Dominate Symbols in Society
By Irene Rose
(Symbol of a circle with a dot in its center may be missing in this document)
Although not as dominate as the emblem of a cross, the ancient symbol of a circle with a dot in the center , can be found in almost every culture on earth. As a child, I remember playing games that revolved around not getting cooties from boys. My female playmates and I would draw this symbol with our fingers or with a marker on each other’s arms, in order to “vaccinate” ourselves against cooties. As we drew the image on our skin, we would chant the words, “Circle, circle, dot, dot…now you’ve got the cootie shot!” It was not until I began doing research on symbols, did I realize what this pictograph meant. Cooties, which meant any physical or intimate interaction with males, were something we as young girls wanted to avoid. We believed in the symbol of a circumpunct , the ancient representation of the male force bonding with the female force, and had faith that it would keep us safe in the presence of boys.
In most cases, this symbol means the sun or something that is closely associated with the sun. The sun sign is one of the oldest symbols in Western ideography. The scholars of the Middle Ages, who were narrow-minded in their beliefs, confused the roles of the earth and the sun in the galaxy, and used as a sign for the “earth surrounded by the great ocean [universe]” (Symbol 26:8). It can also depict a stylized representation of an atom of hydrogen, the oldest, simplest and most abundant chemical element in the universe. This makes sense since hydrogen makes up most of the mass of Earth's sun.
This symbol can mean “sunshine” in a meteorological context, “gold” in alchemy, or “plant with a one-year life cycle” (one sun cycle) in botany. On marine charts, it is used for chimneys, towers, and high structures in general, visible from the sea (Symbol 26:8). When this symbol is not used in direct association with the sun or gold, in modern ideography it most often indicates a center. This is the case in cartography and blueprints of different types. It can also represent a “driving wheel” on locomotives as a railway ideogram and “here live bad-tempered people” in both the British and the US systems of hobo signs.
In esoteric astrology, the circle with a dot in the middle represents the creative spark of divine consciousness that exists in every individual linking him or her to the source and origin of life, and making him or her co-creator of the world. In astrological psychology, this symbol stands for the desire to live and the individual's life energy. This life energy is "colored" by the zodiac sign in which the symbol is positioned at the moment of the individual's birth, according to astrologers (Symbol 26:8).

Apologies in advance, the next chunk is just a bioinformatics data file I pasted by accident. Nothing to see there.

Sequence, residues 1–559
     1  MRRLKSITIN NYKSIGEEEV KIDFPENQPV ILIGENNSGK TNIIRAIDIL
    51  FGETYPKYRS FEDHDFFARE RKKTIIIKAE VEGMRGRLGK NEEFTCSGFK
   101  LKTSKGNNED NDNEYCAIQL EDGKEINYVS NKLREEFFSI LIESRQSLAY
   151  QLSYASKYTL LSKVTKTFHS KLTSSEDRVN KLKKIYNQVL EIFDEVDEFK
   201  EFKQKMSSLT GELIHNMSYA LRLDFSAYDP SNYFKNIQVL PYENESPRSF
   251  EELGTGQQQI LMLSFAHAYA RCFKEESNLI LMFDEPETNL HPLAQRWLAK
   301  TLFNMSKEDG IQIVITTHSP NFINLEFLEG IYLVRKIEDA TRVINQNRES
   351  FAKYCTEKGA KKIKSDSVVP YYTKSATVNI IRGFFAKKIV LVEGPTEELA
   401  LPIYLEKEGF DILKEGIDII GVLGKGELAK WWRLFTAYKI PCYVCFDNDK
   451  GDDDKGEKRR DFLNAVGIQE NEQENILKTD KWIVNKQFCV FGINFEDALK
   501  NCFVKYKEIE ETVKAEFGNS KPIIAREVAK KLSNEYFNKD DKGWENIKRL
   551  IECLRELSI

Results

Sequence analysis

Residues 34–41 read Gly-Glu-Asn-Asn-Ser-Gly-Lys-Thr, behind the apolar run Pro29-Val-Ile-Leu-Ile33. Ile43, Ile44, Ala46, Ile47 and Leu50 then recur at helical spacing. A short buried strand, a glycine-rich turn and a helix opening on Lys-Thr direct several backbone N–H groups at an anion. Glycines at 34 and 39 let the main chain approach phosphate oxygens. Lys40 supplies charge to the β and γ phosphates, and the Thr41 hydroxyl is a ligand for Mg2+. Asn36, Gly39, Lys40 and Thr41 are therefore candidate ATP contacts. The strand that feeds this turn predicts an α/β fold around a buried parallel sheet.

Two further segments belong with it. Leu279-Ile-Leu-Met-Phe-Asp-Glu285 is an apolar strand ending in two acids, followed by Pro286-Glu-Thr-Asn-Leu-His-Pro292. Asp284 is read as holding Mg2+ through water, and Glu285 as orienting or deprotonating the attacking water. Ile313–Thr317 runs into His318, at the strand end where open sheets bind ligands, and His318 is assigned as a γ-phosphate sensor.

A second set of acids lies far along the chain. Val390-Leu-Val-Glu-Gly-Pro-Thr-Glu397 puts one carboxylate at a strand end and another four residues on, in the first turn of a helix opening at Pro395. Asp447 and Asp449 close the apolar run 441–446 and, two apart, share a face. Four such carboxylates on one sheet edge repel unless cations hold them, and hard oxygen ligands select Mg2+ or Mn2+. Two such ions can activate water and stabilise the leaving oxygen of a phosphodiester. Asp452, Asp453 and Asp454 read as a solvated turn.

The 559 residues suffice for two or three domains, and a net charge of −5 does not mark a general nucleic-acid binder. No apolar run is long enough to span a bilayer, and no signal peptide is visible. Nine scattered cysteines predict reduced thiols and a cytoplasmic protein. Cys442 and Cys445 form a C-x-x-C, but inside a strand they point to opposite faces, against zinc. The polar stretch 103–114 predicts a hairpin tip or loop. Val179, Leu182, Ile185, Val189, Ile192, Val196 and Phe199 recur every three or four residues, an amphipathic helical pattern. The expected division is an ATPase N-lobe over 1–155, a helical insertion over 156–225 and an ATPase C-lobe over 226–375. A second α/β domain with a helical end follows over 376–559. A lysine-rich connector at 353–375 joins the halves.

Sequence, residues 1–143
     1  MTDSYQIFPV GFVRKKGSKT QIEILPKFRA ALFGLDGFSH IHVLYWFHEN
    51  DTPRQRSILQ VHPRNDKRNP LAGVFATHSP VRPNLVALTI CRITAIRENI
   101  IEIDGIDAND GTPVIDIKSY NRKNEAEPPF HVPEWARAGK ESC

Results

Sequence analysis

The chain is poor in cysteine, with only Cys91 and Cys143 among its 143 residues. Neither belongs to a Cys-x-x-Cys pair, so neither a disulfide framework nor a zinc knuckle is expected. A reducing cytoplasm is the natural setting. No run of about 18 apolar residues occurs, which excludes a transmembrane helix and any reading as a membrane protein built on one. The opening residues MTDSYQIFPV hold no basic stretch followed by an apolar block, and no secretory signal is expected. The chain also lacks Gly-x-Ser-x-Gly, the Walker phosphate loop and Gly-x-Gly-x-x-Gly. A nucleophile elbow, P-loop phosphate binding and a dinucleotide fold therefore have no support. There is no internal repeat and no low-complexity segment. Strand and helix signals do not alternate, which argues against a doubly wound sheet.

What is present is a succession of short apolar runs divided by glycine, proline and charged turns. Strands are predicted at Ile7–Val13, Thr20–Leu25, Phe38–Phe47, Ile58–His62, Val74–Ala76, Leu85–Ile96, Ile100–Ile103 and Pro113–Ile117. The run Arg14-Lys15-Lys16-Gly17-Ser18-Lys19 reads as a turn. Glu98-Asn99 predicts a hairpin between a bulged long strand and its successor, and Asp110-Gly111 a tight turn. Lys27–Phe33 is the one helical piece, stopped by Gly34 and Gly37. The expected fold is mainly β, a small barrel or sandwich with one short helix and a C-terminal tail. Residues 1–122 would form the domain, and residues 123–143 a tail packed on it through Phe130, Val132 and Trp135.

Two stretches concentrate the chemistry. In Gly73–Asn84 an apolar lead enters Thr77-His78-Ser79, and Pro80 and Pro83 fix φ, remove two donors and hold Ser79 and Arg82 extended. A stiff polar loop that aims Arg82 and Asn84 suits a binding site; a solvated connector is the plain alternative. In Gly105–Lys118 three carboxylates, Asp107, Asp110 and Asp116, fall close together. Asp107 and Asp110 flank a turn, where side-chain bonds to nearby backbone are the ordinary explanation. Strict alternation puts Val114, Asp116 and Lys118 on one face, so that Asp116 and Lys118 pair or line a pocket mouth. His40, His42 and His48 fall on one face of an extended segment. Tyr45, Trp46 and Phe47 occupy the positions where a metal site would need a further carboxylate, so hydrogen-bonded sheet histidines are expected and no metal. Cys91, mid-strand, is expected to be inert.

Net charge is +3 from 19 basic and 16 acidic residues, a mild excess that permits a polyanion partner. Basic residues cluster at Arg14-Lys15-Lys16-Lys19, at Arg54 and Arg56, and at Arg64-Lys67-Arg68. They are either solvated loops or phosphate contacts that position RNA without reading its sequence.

In the body, it symbolizes the heart, blood circulation, and the backbone. In many cultures, it represents men in general, people in positions of authority, and political and religious leaders. It is also related to the image of the father and is closely related to the symbol , the zodiac sign for Leos.
In the complex symbolic system of Hinduism and Buddhism, the circle with a dot in the center, called the bindu, also represents the male force. According to their beliefs, together the circle and the bindu symbolize the merging of male and female forces. The circle represents “Mother Earth”, “woman”, “unity”, and “female power” to many contemporary pagans as well as Hindus and Buddhists. They believe that the bindu is “the spark of masculine life within the cosmic womb” (Wikipedia, Symbol).
This symbol is used in many instances, particularly in signs. On European road signs, the circle with a dot in the center is often seen as a depiction of the city’s center. Upon finishing a cup of tea, in some Asian cultures, this image is used as indication to make a wish when reading tealeaves. This symbol is used to mark the end of a trail for many denominations of Boy Scouts and can be used in navigation to symbolize a certain destination or point of origin.
Human beings' ability to manipulate symbols allows them to explore the relationships between ideas, things, concepts, and qualities far beyond the explorations of which any other species on earth is capable. According to Robert Lavenda and Emily Schultz, “human culture clearly depends on our use of symbols” even though “there is no necessary link between the symbol and that which it stands for.” Human beings are the only species that can give an obituary thing meaning and purpose. Our survival relies on learned shared traditions that are in most cases symbolically encoded.
Lavenda, Robert and Emily Schultz. Core Concepts in Cultural Anthropology. 2nd ed. McGraw-Hill Companies: Boston. © 2003.
“Symbols and Their Meanings”. http://www.crossroad.to/Books/symbols.html Visited May 2006.
© Irene Rose